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Hull City 3 v 0 Queens Park Rangers
SkyBet Championship
Saturday, 13th April 2024 Kick-off 15:00
To Hull and back - Preview
Friday, 12th Apr 2024 22:11 by Clive Whittingham

QPR continue to teeter, albeit towards the back of a long queue of similar basket cases, four points north of the Championship's bottom three, ahead of Saturday's difficult trip to Hull.

Hull (17-11-13 DDLLWD 10th) v QPR (12-11-19 LDWWLD 16th)

Mercantile Credit Trophy >>> Saturday April 13, 2024 >>> Kick Off 15.00 >>> Weather – Damp and windy >>> Hull, East Yorkshire

Plymouth for a six pointer in April was a real nostalgia fest for QPR fans of a certain vintage.

Like much of the rest of the country the place has gone rabidly downhill from a low starting point. The council turned up in the early hours of the morning to tear the street trees out of the High Street, replacing them with hoardings, fencing, and vague promises of some glorious new future/trees at some distant far off point in time. The shops you’d want to shop in have been replaced with charity shops, and the charity shops replaced with “vape labs”. There was an “Easter funfair” doing a brisk trade of five rides and four kids in the Tuesday lunchtime sunshine. The old, atmospheric Navy pub on The Barbican has been replaced with lino floors easily wipeable after a tactical chunder, and UPV doors front and back. The Copthorne, where my aunt once shared a lift with Gino Padula and basically told him he could have whatever he wanted, still has the same bathroom suites and asbestos panelling. Nick Blackburn once held court in the bar there.

You could still feel it though. Walking up that wide high street, through the underpass, past the baseball diamond in the park, towards Home Park. All the hope and optimism and energy of the 2001-2005 period, when those two clubs were revitalised alongside each other by charismatic managers and brilliant teams. It’s weird to have such happy memories of a ground, place and people where QPR eventually lost a crucial promotion six pointer 2-0, big Micky Evans rampaging around, David Friio picking us apart as he always did. But Rangers were promoted alongside the Green Army anyway, and we all rejoiced in the demise of Bristol City who, in those days at least, provided a needlessly spiteful welcome at Ashton Gate thanks to QPR’s various connections with the blue and white halved half of their city.

The LFW travelling party numbered 16 in the end on Tuesday, and would no doubt have touched 20 for a Saturday game. Some people ticking a new ground, mostly just people keen to reminisce and glad of a chance to be going somewhere new after ten years away from that part of the country. Like golf is a good walk spoiled, football has increasingly become a lovely day out torched by QPR’s ineptitude between 15.00 and 17.00 (19.00 and 22.00 on weekdays). The Championship, and Rangers’ recent performance in it, has been bleak as hell. Last season was a particular low when QPR not only decided to implode for six months, but did so in a campaign when the whole of the South East had abandoned the division and been replaced by the entire North West. As if league games at Burnley, Blackburn, Preston, Blackpool, Wigan, Stoke weren’t grim enough, we had to do it during a year of poor industrial relations on an already terrible railway line which serves that part of the world. Just when you thought we’d broken the back of it the FA Cup draw sent us to… Fleetwood. Fucking terrific. I’m pleased we lost the bloody thing in the end, they would have found a way to send us to Clitheroe in the fourth round if not.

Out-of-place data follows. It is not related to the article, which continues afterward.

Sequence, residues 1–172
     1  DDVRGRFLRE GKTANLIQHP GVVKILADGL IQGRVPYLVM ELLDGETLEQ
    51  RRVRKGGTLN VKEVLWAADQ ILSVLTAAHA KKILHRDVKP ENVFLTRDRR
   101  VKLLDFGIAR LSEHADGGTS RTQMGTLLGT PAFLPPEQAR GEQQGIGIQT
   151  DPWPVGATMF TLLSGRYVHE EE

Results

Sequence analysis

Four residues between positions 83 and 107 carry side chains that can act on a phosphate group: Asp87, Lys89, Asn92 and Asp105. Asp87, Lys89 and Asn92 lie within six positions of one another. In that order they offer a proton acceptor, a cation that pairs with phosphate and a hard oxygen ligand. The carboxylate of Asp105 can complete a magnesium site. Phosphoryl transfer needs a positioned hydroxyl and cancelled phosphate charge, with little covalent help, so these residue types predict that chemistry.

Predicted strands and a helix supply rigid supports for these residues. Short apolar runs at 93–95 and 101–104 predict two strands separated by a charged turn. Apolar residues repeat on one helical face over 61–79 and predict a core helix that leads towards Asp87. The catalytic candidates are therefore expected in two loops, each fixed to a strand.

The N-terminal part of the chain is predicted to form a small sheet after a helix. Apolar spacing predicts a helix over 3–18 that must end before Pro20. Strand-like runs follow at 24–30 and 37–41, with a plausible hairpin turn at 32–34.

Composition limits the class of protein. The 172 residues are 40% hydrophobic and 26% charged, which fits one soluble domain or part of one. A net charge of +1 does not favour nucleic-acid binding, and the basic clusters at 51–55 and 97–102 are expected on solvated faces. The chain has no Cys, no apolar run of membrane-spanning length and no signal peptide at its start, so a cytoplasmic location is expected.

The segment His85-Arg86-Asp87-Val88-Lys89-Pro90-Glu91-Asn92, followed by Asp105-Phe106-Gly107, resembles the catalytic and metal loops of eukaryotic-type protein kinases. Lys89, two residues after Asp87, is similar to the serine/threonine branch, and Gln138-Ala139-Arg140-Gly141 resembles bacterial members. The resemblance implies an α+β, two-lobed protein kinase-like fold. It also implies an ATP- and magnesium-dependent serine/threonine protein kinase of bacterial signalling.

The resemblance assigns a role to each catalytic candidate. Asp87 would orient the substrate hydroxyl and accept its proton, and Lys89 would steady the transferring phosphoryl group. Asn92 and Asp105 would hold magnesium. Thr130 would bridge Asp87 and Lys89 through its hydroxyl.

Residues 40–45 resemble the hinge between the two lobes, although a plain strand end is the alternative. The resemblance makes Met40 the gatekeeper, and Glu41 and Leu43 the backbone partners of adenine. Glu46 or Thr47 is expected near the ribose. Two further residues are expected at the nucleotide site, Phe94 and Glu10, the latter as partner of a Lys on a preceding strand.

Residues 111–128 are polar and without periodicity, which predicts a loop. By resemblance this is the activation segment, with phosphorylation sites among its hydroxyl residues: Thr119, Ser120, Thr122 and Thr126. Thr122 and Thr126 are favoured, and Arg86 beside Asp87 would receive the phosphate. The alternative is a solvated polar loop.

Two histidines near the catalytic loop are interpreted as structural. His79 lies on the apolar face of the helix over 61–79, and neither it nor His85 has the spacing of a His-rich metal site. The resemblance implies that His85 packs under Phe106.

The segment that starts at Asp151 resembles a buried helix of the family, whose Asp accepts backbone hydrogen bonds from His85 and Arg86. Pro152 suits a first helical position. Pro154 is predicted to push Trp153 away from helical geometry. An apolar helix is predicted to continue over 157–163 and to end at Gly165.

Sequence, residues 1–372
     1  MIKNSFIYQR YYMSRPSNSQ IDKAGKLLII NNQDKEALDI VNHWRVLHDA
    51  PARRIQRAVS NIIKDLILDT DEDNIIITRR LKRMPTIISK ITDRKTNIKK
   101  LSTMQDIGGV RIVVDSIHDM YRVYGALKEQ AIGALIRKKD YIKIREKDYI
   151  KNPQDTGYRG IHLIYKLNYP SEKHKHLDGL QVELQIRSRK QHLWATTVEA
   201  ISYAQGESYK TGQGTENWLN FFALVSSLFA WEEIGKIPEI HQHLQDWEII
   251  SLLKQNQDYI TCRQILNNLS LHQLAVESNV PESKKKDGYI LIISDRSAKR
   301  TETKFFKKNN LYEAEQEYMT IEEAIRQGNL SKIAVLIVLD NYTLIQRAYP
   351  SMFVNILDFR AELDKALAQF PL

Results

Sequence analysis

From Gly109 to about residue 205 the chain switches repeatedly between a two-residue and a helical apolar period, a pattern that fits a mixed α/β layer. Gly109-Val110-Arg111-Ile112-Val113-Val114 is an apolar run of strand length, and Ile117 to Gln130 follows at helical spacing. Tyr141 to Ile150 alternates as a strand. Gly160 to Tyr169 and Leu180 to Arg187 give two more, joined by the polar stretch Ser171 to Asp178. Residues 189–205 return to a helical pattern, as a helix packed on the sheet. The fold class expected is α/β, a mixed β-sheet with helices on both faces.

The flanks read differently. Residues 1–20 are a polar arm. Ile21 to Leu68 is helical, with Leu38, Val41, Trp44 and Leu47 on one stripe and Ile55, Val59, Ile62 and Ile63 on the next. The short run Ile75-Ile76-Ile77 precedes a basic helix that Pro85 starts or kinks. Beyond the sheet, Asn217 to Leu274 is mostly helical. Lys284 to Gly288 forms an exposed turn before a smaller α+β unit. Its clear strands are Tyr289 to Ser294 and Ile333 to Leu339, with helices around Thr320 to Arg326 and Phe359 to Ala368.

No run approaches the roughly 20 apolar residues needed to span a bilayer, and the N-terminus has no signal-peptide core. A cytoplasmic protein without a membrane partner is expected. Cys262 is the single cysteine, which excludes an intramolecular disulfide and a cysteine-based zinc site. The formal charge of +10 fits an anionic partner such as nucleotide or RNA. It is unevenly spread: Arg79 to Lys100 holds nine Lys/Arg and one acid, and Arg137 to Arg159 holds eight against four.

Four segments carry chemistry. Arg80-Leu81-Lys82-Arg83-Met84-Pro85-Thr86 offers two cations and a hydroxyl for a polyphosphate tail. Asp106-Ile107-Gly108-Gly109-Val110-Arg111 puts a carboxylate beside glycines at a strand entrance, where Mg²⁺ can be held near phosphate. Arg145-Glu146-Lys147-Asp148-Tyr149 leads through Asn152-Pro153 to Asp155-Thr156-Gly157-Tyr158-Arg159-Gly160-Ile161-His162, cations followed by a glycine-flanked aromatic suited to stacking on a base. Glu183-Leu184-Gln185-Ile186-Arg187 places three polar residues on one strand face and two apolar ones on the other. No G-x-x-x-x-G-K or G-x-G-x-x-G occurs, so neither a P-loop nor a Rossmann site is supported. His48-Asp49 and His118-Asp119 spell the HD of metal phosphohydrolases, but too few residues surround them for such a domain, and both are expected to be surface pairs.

It's easy to get all misty eyed about our time in the Second Division. For every Richard Langley hat trick in the sunshine at Blackpool, or fat bloke gets annihilated by deckchair at Hartlepool, there were bleak, windswept, soggy defeats at Notts County, Chesterfield, Peterborough (always Peterborough) and Northampton. Gaggles of locals eagerly toasting our demise, while Chelsea built a multi-trophy winning empire on dirty, Russian blood money. A lot of it, let’s be honest, was fucking horrible. Yes, we had a lovely time in hospitality at Bury, where you got a three course dinner and match ticket for £35 each, QPR won 2-1, and a comedian told racist jokes at half time. But, also, that uncovered away end at Swindon, with Sam Parkin charging about the place.

You can’t deny it was a lot of fun though. And this has been one of my coping mechanisms over the last eight months. I’m sick of going to Preston. I’m sick of being in a league so obviously financially doped in favour of the parachute payment clubs – Leeds, £14m on agent fees alone in the figures released by the league today, a figure that could transform our entire team. I’m sick of playing the same teams all the time. I’m sick of trying to corral a group of friends together and inject enthusiasm for a trip to a place we’ve been every year for the last ten years. And I’m sick of the team being shit at it when we do get there. I look downstairs and in little dark corners of my mind I think, yeh, could be quite fun, big groups of us going to places like Lincoln, Shrewsbury and Cheltenham. People sending me messages asking for pubs and tickets, rather than me trying to chivvy people along and beg company for this latest, greatest, most crucial trip of all to Huddersfield (£130 return, engineering work at Dewsbury, ASLEF drivers strike).